A record 197 countries will be competing in the Olympic Games this year, 26 of them for the first time. It is the largest number of countries and territories ever to compete, a product of the splintering of states and claims for independence that have remade the world over the past four years. The first modern Olympics, in Athens in 1896, hosted just 13 countries.
The Palestinian Authority is not yet a state. But its status as an independent territory makes it eligible for the Olympics. The Palestinians have been trying for 20 years - since Montreal in 1976 - to establish a team. Indeed, a Palestine Olympic Committee was one of the first things established after the late Israeli prime minister Yitzhak Rabin and the Palestinian leader, Yasser Arafat, signed a peace agreement in 1993. It is a long way from 1972, when Palestinian guerrillas massacred 11 Israeli athletes at the Munich games.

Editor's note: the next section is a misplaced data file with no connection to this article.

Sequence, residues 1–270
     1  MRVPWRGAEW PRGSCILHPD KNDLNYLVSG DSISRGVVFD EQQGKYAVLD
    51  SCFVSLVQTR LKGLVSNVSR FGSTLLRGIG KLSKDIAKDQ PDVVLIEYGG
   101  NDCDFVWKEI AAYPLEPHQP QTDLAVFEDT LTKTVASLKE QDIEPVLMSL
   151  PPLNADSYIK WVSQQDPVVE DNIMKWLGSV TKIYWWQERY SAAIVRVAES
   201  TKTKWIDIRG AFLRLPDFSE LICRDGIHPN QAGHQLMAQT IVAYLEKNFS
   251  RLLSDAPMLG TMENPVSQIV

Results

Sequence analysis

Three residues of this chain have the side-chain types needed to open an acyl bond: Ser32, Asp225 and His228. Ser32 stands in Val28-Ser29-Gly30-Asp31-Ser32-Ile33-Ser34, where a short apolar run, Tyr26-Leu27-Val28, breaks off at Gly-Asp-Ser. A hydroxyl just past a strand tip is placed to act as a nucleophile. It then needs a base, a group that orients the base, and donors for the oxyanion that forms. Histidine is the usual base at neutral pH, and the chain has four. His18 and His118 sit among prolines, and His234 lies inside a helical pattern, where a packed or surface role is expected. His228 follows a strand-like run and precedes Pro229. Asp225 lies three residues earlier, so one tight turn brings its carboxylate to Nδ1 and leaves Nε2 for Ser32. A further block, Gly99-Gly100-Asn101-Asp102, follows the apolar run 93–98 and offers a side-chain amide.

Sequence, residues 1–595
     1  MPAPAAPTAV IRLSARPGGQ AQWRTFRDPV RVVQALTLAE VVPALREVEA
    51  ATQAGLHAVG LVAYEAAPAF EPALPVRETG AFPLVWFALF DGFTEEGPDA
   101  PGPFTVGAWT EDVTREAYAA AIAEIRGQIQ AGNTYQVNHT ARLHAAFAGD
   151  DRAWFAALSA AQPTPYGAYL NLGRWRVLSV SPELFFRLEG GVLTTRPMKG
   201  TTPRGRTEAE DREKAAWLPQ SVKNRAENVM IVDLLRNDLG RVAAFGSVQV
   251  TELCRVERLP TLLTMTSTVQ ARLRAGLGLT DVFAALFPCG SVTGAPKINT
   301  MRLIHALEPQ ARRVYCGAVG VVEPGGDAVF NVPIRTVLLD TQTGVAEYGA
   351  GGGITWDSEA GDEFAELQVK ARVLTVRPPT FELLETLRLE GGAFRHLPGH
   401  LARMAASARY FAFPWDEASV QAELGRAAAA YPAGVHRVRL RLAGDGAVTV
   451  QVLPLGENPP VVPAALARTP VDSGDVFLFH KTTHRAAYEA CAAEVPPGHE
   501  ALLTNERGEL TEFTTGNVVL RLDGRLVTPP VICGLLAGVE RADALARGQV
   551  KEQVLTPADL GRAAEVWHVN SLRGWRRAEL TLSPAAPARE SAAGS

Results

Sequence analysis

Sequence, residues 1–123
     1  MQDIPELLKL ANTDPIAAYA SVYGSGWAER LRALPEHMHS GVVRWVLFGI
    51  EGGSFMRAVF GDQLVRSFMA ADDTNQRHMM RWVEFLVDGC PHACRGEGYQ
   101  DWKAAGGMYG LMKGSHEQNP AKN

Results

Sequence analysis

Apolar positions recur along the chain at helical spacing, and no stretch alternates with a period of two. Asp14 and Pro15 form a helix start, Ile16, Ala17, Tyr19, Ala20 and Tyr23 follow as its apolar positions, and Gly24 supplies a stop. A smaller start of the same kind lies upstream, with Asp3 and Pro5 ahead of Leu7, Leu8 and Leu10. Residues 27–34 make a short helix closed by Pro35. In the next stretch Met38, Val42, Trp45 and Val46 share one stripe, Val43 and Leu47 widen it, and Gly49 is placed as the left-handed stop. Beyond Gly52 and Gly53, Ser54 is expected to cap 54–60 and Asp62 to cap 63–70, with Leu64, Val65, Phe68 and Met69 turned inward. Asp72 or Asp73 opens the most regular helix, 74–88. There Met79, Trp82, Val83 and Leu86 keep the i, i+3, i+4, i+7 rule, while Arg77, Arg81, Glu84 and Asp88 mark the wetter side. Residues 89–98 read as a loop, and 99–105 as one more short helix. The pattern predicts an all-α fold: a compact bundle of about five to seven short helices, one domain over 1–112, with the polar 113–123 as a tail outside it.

Other newcomers at Atlanta will include Cambodia, small Caribbean, African and Pacific territories and 17 newly independent countries: former Soviet and Yugoslav republics, the two halves of former Czechoslovakia, and Palestine. Some failed to make it before for reasons of politics, money, or lack of sporting prowess. For the first time in the Olympics' 100-year history, every country accepted its invitation.
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